The deviation of wall verticality, wall position, wall depth, and wall thickness are, respectively, limited in less than 1/300, kept within +20 mm∼−50 mm, limited in less than 50 mm, and controlled within 0∼−20 mm. The processing of onsite wall construction has three steps including beforehand excavation, withdrawal excavation, and cement soil mixing according to the operating procedure of TRD.

2.3. Core-Drilling Sampling

After 20 days of curing time, the core specimens of undisturbed cement soil were drilled at different depths, the corresponding positions of which are shown in Table 3 and the pictures of which are shown in Figure 1. When the amount of cement is large in cement-mixed soil, the specimen tends to appear off-white, the surface and integrity of which is smooth and good. In contrast, the color is close to the original one, and its integrity is poor.


Sampling depth/mSoil layerUnconfined compressive strength (MPa)
SC5 (8%)SC1 (11%)SC2 (14%)SC3 (17%)SC4 (20%)

0∼2Miscellaneous fill0.811.241.361.491.52
2∼4Silty clay1.121.471.581.711.83
4∼61.081.441.601.521.74
6∼8Silt mixed with silty sand1.211.531.711.992.03
8∼101.321.661.892.533.21
Avg.1.1081.4681.6281.8482.066
Variance0.0360.0230.0380.1850.443

2.4. Unconfined Compressive Test

The unconfined compressive strength of cement-mixed soil is tested and acquired by compression testing machine with digital display dial. The loading rate of the compression test is controlled at around 0.15 kN/s, and the measure accurate of pressure loading is ensured to 0.01 kN. The results of the unconfined compressive strength test of undisturbed cement-mixed soil are shown in Table 3. The unconfined compressive strength value is mainly subject to the cement amount in cement-mixed soil. The maximum and minimum values, respectively, are 3.21 MPa and 0.81 MPa, which meet the requirements of unconfined compressive strength in the Specification for mix proportion design of cement soil (JGJ/T 233-2011) [26] that the standard value of unconfined compressive strength about the 28-days borehole core specimen is not less than 0.8 MPa. To those specimens in a single borehole core, no matter what the amount of mixed cement, the unconfined compressive strength of undistributed cement-mixed soil increases with the sampling depth of borehole core. Obviously, the differences in the sampling depth are more or less affected by the mixed soil properties, but the difference of cement amount in cement mixing.

In the onsite wall test, the relationship between the unconfined compressive strength and the cement ratio at the same sampling depth is shown in Figure 2. With the increase of sampling depth, the unconfined compressive strength of the cement-mixed soil tends to increase. The main reason might be the variation of stratum from fill stratum to deep sandy soil along the 10 m depth of diaphragm wall. Within the range of 20% cement content, there are some differences in the variation tendency at different depths. The solidification effect of the cement-mixed soil in the silty layer about 8 to 10 m deep was relatively superior. Therefore, the impact of soil property on the solidification of cement-mixed soil should be taken seriously, which is extremely significant to evaluate the construction quality and engineering performance of TRD.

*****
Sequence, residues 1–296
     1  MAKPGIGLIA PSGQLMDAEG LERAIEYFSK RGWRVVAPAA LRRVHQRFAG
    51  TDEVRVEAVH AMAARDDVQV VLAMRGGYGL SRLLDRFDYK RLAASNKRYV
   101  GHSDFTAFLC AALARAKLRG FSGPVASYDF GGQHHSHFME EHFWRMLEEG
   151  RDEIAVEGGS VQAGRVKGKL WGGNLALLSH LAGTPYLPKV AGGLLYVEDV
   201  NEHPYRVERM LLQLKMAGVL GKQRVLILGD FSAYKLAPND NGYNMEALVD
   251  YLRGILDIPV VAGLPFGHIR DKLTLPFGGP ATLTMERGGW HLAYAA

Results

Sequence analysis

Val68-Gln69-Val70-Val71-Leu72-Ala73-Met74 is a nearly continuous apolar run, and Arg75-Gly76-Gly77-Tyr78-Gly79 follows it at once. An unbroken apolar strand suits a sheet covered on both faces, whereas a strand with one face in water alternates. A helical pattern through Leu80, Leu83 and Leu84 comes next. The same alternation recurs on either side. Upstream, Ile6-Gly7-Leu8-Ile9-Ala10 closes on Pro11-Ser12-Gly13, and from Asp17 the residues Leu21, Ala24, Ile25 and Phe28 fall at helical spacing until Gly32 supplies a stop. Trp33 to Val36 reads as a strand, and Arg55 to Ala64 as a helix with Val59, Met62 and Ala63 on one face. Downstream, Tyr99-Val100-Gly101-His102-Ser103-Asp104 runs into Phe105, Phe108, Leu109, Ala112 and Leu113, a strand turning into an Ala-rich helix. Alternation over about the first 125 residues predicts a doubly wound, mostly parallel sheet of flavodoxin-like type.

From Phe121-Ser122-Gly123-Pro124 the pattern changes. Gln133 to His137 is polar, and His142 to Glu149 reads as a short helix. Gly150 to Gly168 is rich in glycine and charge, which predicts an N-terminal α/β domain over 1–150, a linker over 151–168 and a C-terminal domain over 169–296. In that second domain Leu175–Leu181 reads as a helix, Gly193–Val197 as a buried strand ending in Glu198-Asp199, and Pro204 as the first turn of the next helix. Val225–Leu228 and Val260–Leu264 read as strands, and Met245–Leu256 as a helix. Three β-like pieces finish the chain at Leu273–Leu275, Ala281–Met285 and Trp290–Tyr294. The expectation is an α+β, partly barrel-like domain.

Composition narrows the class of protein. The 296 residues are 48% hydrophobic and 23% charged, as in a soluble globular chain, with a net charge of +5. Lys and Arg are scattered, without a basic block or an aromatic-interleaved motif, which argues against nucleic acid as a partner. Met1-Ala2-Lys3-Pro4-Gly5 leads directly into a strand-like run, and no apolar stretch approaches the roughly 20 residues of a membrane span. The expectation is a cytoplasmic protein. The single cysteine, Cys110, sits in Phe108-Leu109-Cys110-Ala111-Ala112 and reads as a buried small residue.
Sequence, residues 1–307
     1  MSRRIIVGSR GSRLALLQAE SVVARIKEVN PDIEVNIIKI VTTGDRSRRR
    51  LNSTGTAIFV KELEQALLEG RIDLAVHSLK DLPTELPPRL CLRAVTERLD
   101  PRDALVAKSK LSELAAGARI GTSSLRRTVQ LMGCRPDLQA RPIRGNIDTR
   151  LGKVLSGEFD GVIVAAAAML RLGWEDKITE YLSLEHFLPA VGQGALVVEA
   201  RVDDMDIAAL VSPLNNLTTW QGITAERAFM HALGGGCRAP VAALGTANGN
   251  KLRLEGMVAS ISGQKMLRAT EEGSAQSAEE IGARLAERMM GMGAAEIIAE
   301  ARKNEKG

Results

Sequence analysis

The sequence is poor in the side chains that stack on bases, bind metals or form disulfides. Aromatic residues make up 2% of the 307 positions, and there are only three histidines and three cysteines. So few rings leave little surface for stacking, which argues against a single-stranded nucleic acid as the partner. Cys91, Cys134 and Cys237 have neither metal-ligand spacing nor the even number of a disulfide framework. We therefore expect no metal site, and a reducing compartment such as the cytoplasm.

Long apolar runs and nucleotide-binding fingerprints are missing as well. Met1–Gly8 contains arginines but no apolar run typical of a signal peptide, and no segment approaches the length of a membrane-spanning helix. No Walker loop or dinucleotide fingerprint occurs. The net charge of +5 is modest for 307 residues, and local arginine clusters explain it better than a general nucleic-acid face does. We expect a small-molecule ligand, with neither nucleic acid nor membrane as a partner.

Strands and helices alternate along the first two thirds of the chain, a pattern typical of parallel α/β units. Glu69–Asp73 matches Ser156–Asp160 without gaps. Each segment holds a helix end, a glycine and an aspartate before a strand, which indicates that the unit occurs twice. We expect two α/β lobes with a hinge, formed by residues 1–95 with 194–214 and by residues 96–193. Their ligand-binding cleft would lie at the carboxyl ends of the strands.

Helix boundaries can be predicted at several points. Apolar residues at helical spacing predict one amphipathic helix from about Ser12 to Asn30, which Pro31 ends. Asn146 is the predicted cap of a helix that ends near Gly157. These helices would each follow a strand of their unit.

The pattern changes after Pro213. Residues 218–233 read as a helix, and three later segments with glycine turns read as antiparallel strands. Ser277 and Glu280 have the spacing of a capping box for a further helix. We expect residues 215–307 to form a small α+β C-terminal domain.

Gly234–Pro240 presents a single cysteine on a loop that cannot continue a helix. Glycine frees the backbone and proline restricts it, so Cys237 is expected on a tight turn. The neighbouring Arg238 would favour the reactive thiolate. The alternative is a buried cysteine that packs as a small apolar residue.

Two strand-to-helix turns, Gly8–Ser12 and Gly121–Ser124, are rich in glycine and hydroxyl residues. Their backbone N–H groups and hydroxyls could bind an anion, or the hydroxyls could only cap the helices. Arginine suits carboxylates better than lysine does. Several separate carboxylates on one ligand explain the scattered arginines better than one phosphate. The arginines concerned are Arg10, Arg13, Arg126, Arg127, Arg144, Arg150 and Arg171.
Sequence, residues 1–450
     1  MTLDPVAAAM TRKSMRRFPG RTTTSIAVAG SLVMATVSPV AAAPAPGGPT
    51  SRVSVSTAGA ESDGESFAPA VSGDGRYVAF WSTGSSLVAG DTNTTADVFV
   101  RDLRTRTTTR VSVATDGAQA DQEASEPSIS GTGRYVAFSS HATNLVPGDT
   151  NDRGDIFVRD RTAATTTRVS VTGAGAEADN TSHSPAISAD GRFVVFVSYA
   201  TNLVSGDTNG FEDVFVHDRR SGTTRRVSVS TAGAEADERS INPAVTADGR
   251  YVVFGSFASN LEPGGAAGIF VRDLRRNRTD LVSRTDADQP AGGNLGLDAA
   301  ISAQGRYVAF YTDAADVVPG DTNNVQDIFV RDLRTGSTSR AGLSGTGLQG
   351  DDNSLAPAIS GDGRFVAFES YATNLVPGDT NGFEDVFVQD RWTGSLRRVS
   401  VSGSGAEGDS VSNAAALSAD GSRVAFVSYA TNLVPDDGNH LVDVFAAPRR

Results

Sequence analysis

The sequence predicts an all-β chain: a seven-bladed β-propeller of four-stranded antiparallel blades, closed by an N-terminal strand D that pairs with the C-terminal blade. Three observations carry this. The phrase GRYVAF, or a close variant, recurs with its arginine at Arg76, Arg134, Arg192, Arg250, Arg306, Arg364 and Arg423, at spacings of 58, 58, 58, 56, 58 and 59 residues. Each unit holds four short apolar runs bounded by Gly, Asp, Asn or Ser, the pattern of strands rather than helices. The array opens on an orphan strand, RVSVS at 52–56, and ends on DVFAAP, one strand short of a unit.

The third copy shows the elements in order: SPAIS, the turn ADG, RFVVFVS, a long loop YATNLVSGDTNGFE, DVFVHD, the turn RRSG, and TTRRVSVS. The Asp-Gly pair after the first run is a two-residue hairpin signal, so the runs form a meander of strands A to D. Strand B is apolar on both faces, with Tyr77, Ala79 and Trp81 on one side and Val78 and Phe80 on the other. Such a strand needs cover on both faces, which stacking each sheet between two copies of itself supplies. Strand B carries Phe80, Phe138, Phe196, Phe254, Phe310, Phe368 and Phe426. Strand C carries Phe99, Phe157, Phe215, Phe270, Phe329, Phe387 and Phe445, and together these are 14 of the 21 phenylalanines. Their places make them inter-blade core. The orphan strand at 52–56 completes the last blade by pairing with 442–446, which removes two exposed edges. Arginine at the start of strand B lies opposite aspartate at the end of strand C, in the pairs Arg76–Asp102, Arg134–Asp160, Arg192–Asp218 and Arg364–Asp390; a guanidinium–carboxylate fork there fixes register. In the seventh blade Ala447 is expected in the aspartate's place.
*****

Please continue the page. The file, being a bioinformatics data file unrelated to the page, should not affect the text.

2.5. Permeation Test

The specimens of the permeation test uses 16% minimum cement ratio and 1.0 water cement ratio. According to the Specification of Soil Test (SL237-1999) [27], the block of the specimen should be a cylinder with a diameter of 7.5 cm and a height of 3 cm. The permeation test uses a TJSS-25 permeation test device as shown in Figure 3. The device satisfies the experimental requirements of Specification for mix proportion design of cement soil (JGJ/T 233-2011) [26], which can measure the permeability coefficient of cement soil under the condition of weak-permeable or impermeable. Liquid paraffin was used in the waterproof in the side wall of the test chamber and applied to the side wall of the test chamber and then kept statically until the paraffin freezes. In order to ensure the reliability of waterproof, the PTFE tape was used in the connection thread between the test chamber and the instrument pipe.

The permeability coefficient of undisturbed cement-mixed soil at different sampling depth is shown in Table 4, which varies between 6.7 × 10−6 cm/s and 4.23 × 10−5 cm/s. Except the No. 2 layer stratum (silty clay), the permeability coefficient of cement-mixed soil is significantly lower than that of the original soil at the corresponding stratum. The permeability coefficients of cement-mixed soil at different sampling depths have significant differences from each other. The permeability coefficients of cement-mixed soil at sandy soil stratum are reduced at most to 3 orders of magnitude. The permeability coefficients of cement-mixed soil at silty clay stratum are the least of them at all the stratums; however, it has risen slightly instead of falling related to silty clay at the original stratum. It is because the mixed soil significantly has changed the microstructure and material composition of the original stratum.